Screenwriting is the foundation of moviemaking, Alex says. Without an understanding of storytelling, image design suffers.This is where visual subtext comes in. Whether it’s costume or production design, each visual element should complement and enhance the themes of the narrative.
Often, Alex will come across a young moviemaker who says, “Why does the visual style of my cinema heros resonate with an audience, but mine doesn’t?”
Sure, you may be using the tools you learned in film school. But, if those technical components are not addressing character emotion, then the presentation becomes hollow and lackluster. This is something that is often neglected when studying cinematography basics.
For Alex Buono, the best cinematography is about the subconscious. Certain images convey certain emotions. The trick is to discover what visual elements are going to influence an audience the most.
Yes, you can and should be familiar with color theory and how it affects cinematography techniques. But there’s more to visual style than elaborate filmmaking tools. Although this is sometimes taken for granted, intuition is a valuable asset for on set productions.
Alex says, “At some point, the film takes over, and tells you what it wants to be. It’s like an actor finding their character.”
As a moviemaker, don’t be afraid to listen to your gut when determining a shot list. Some of the best cinematography is a result of instinct. By understanding the story and trusting your intuition, a richer visual style can emerge.
The best cinematography requires patience
Director Robert Wise once said, “My three P’s: passion, patience, perseverance. You’ve got to do this to be a filmmaker.”
Alex is well-aware of the uphill battle an aspiring moviemaker faces. For years he had to take production assistant jobs that hardly paid the bills. A reality they don’t always promote in film school. When you’re scraping by year-after-year, and don’t see results, it’s easy to become discouraged.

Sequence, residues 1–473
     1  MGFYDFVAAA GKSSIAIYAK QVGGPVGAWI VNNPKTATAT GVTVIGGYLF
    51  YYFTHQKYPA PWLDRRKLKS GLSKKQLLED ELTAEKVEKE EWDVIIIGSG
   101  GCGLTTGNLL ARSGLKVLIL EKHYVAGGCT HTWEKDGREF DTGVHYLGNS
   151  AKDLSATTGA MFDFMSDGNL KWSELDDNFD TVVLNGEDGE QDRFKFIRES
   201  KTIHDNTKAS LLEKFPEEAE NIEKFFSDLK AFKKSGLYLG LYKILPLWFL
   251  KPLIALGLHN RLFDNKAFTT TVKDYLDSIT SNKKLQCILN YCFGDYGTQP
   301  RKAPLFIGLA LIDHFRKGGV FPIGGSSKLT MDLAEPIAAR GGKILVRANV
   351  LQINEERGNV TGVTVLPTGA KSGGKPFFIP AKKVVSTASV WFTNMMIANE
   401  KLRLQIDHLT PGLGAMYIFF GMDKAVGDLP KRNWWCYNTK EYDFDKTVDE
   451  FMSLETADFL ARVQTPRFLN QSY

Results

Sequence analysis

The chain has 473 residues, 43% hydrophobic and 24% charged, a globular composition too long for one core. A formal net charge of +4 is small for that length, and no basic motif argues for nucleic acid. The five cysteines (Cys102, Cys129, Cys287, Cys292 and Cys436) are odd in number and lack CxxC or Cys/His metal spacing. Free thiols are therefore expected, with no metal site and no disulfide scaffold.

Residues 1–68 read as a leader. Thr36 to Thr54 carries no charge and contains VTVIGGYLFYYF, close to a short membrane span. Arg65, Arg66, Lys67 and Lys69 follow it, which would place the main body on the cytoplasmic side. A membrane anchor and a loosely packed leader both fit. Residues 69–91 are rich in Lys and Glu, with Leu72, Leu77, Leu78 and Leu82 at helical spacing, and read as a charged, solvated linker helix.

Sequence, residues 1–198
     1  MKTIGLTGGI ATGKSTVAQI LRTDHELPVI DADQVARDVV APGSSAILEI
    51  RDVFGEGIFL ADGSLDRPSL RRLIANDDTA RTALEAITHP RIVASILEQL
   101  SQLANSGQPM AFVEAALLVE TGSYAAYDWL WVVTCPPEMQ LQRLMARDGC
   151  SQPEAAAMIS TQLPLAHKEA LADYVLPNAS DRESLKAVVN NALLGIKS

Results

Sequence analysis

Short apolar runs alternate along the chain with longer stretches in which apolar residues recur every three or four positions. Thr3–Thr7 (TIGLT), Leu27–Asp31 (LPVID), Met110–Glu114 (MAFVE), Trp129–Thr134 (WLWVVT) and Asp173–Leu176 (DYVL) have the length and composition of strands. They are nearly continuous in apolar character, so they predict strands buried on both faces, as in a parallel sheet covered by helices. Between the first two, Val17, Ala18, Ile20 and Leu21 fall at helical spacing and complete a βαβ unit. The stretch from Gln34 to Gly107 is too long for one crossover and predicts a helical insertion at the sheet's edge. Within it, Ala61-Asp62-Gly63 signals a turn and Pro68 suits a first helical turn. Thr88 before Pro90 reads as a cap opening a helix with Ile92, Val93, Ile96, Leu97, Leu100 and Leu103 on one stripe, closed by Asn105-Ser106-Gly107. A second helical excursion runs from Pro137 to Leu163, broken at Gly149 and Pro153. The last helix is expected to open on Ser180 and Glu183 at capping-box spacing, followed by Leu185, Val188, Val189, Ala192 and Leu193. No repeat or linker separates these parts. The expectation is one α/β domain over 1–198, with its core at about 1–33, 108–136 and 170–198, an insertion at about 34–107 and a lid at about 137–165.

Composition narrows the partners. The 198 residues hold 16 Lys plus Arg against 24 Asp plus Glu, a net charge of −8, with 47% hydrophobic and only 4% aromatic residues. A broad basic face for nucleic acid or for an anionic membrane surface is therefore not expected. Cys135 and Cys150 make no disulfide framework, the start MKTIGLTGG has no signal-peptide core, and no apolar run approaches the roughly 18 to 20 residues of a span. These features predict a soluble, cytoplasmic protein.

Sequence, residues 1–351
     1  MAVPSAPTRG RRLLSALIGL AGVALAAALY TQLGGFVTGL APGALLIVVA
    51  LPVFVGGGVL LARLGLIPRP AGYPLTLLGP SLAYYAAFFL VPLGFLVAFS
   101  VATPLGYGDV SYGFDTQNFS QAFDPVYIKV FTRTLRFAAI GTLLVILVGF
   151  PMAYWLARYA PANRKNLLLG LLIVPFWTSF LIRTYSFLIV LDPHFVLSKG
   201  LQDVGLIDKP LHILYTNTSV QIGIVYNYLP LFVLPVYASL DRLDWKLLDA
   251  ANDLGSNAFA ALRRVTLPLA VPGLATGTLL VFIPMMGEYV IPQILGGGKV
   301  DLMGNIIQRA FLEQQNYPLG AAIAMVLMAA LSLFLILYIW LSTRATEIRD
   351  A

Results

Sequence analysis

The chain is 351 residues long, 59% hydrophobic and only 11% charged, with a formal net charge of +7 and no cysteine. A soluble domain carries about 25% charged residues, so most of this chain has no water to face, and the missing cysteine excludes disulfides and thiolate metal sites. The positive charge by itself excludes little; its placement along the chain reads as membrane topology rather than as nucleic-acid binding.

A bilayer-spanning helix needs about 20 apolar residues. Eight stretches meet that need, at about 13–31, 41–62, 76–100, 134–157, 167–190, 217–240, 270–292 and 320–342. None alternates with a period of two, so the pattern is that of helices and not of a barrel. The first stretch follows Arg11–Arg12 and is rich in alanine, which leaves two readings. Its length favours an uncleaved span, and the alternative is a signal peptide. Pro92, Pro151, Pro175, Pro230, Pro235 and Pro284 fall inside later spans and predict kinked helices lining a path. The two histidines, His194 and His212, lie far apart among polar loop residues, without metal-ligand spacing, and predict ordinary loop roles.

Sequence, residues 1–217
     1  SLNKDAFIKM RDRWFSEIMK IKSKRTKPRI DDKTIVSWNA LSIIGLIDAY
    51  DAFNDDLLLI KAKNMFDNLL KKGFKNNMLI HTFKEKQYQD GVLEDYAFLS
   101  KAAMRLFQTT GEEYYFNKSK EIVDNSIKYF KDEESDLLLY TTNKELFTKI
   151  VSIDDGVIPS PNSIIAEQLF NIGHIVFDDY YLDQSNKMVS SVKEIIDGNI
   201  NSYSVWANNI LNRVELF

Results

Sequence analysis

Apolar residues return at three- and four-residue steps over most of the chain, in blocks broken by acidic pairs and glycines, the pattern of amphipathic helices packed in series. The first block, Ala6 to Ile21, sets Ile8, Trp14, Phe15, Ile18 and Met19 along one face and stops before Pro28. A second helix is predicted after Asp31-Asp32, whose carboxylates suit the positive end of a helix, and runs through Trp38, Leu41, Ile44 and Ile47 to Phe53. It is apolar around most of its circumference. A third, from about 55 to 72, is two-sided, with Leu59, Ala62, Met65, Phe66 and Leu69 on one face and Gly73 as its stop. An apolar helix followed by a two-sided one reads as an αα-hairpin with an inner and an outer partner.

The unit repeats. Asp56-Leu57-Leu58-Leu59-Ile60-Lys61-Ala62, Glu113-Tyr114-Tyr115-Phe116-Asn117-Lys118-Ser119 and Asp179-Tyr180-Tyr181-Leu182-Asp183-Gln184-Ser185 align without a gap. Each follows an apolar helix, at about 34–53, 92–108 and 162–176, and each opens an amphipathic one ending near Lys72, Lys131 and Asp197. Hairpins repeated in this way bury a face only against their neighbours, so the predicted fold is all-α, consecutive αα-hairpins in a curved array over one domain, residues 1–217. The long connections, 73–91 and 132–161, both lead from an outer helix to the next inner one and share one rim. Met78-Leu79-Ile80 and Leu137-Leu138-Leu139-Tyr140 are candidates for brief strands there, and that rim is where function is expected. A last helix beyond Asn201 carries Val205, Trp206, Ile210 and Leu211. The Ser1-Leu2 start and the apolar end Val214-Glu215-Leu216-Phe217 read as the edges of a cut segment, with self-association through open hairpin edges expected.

But like Robert Wise, Alex knows that moviemaking is a game of endurance. If you can continue to tunnel your way into the industry, then chances are you’ll make it.
“You have to forgive your own insecurity and impatience,” Alex says. “You have to realize this is going to take a while. But if you last long enough, you’ll figure it out.”
Just because you don’t have a cinematography degree, doesn’t mean you can’t make it in the field. Alex reiterates the importance of networks, and encourages young filmmakers to find on set positions.
Yes, this is often going to be a production assistant. But it is vital to understanding the roles of an on set production, and meeting the people who can guide you towards the necessary opportunities.
It may sound cliche, but there’s a reason the proverb “Patience is a virtue” has lasted for millennia.
Wrapping up Alex Buono’s film school
While putting on his cinematography classes, Alex is sometimes asked, “Aren’t you afraid of someone stealing your secrets?” To which he responds, “No, not at all. In fact, I encourage you to take my secrets.”
Like many artists, people often think of the moviemaker as a competitive individual. I need to have an advantage to outlast my peers and survive in the industry. But Alex understands moviemaking is a team effort. And it’s one’s generosity on set that solidifies relationships.
“I had the chance to learn from some amazing cinematographers,” Alex says. “They were so generous with their knowledge, and inspired me to someday try and do the same.”
Lucky for us, Alex has decided to use his years of experience to influence and motivate the next generation of storytellers.Movie Color Palettes video series!
Like this post? Share it!
"Alex Buono's Best Cinematography Tips and Strategies." #cinematography #cinematographers #dop